Does Moving Out Stop Eviction Proceedings?
If you’ve received a notice to appear before the court, you may be able to reach an agreement with your landlord to stop the eviction proceedings and prevent a negative entry on your background report.
You’ll typically need to agree to move out quickly and pay any outstanding rent and other costs your landlord has incurred. Your landlord can then ask the court to dismiss the case.
A dismissed case can still appear on a background report. If a future rental application is turned down because of a dismissed eviction, you’ll need to notify the screening agency that the case was dismissed and ask them to remove the eviction from their records.
How Long Does An Eviction Stay On Your Record?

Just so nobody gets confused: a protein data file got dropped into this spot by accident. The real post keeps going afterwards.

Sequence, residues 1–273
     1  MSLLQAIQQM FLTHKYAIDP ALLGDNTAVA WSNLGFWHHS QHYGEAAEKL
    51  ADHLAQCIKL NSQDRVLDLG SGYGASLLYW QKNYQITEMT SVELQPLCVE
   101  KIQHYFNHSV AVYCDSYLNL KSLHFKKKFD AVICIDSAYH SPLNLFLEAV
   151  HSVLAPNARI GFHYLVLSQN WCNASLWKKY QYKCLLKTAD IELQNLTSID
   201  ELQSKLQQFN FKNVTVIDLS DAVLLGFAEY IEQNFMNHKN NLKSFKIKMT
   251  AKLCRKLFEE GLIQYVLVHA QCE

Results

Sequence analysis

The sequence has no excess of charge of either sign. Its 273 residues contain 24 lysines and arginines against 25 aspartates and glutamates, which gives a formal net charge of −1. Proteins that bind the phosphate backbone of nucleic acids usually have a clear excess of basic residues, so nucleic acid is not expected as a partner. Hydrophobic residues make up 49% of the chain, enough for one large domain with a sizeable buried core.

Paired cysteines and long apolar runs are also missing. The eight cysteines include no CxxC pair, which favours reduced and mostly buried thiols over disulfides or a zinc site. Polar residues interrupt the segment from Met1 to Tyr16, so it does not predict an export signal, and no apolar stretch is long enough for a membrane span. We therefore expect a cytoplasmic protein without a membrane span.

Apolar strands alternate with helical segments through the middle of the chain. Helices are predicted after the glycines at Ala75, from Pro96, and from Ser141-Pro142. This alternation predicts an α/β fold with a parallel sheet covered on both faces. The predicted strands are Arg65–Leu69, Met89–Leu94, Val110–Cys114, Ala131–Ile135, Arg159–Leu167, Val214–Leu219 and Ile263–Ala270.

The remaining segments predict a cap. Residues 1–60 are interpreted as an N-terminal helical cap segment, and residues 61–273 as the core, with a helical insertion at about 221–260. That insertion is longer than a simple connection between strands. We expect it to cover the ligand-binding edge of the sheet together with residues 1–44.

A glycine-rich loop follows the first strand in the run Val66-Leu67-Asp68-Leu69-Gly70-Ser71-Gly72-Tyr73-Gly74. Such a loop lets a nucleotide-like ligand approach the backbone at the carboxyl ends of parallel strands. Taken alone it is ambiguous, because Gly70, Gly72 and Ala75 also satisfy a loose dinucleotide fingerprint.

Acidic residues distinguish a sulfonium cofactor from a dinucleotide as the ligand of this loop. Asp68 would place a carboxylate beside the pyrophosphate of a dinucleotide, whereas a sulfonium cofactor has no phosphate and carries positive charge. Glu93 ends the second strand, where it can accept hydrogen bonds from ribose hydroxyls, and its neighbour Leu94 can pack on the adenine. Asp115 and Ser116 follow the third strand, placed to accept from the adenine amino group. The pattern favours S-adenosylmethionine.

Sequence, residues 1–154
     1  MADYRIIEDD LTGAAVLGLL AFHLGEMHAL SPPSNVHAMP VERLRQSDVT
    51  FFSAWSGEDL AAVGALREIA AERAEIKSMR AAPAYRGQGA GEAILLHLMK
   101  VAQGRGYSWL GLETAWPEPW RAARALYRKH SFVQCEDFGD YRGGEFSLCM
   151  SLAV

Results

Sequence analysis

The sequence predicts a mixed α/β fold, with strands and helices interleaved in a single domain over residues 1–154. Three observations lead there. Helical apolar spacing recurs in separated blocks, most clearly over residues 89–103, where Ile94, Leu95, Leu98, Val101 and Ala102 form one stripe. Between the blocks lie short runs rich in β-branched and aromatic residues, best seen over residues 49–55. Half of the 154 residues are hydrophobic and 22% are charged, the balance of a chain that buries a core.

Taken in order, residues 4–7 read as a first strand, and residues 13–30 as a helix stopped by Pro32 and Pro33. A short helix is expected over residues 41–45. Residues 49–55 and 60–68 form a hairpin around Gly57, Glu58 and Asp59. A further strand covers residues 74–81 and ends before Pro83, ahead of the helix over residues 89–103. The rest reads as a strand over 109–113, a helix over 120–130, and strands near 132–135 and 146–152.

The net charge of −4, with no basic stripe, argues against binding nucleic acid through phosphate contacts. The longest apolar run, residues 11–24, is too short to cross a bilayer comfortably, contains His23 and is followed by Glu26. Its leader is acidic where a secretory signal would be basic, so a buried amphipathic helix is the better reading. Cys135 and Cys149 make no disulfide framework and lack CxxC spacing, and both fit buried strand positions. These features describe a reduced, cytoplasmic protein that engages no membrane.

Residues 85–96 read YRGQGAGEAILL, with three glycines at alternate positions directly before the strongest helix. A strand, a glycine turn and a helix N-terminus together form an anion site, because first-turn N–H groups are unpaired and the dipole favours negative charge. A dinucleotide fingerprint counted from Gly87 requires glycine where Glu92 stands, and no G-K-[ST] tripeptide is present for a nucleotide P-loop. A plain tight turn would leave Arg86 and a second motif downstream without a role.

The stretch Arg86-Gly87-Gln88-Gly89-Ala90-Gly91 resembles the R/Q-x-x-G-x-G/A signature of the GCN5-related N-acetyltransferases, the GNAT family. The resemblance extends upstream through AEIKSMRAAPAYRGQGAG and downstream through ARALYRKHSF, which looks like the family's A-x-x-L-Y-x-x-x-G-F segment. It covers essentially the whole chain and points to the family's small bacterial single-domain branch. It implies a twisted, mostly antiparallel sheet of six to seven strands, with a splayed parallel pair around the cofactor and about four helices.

The Fair Credit Reporting Act (FCRA) governs the use of consumer reports compiled by consumer reporting agencies. Any agency providing tenant screening reports has to comply with FCRA rules.
Under the FCRA civil judgments, including evictions, can be reported on background reports for 7 years. After 7 years, they can’t give that information to a landlord using their service.
A landlord doesn’t have to use a tenant screening agency, though. They can search for information in public databases themselves.
FCRA reporting limits only apply to consumer reporting agencies. A landlord can go to a courthouse (or use the court’s electronic access where available) to check for evictions and find any records the court has no matter how old they are.
State or city laws may limit the use of older records, though.
Your credit report and credit score will also be impacted if you owe rent and the debt is reported to the credit bureaus. Unpaid debt also remains on your credit report for 7 years.
Can You Remove An Eviction From Your Record?
If you pay off an eviction does it come off your record? Paying off the money you owe may result in the eviction being removed. The rules for removing an eviction depend on the state you’re in.
Paying off your debt to the landlord won’t automatically remove the eviction from your record, you’ll need to apply to the court.